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A valley-town situated upon a plateau with incredible serene and beautiful landscape and overall environment that in a saner clime could have attracted huge and extensive tourism investments and creativity. That Okeho has a breathtaking panoramic view and horizon is a memory that I had fondly and repeatedly shared nostalgically with my children over the years. My memories of and nostalgia for Okeho was strengthened by a recent and chance meeting with the reigning Onjo, HRM Oba Rafiu Osuolale Mustapha, Adeitan II, in 2018 at the Alaafin Conference which held at the Ajayi Crowder University, Oyo. Although we did not talk for more than five minutes, it was a loaded and exciting five minutes during which the Onjo literally told me everything about the Olaopas in Okeho.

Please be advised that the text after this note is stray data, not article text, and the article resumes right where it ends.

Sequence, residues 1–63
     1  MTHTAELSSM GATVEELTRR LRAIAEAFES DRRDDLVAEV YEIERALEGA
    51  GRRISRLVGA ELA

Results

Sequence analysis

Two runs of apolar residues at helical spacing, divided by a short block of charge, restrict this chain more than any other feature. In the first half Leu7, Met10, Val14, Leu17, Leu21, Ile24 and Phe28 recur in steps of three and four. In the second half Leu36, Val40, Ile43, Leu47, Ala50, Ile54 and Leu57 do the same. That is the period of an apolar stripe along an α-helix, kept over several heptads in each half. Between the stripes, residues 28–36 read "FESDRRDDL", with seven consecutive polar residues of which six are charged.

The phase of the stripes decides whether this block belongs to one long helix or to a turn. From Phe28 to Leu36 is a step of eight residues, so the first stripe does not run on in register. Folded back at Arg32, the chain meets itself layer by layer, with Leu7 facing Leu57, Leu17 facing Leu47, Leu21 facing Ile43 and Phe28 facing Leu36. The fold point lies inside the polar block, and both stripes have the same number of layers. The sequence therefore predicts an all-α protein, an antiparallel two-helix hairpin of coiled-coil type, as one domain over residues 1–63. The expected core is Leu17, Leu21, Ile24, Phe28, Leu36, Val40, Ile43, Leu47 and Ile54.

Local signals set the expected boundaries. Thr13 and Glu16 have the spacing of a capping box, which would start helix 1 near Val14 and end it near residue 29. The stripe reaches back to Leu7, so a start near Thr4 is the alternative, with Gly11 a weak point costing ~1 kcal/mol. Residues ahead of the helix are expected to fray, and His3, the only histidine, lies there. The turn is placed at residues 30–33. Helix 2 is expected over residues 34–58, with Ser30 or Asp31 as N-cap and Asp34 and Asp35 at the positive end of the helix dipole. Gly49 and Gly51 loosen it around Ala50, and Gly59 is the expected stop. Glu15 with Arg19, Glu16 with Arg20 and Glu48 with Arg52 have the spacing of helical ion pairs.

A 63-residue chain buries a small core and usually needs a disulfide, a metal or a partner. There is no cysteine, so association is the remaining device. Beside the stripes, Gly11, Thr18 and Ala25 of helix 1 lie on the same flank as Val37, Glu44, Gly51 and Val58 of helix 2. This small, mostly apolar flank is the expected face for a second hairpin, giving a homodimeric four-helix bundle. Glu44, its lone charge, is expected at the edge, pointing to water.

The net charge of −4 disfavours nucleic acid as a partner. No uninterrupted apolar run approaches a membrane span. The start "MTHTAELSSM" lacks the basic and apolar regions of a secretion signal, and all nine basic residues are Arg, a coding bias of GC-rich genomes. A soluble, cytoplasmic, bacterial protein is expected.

Okeho is a unique town and the uniqueness for me, as earlier mentioned, is in the pristine values that has bounded the town together over the years; from the amalgamation of the eleven communities to the peaceful coexistence of various faiths as demonstrated in the triple heritage of the traditional, Christian and Islamic faiths a la Ali Mazrui. Actually, this heritage has characterized many Yoruba towns and cities until recently when religious intolerance seems to be compromising the historic ideals of the Yoruba people. Interestingly, Okeho has successfully held on to this ideal over the years. Also characteristic of Okeho then as it is now, was the peaceful and cordial relationship among the various ethnic groups that lived in the town. I can still remember how at Isale Alubo we were neighbours to the Hausa/Fulani community which had indeed meshed to being Yorubas without losing their culture. We lived peacefully together in an atmosphere where a child was not raised by parents alone but by the whole community in love.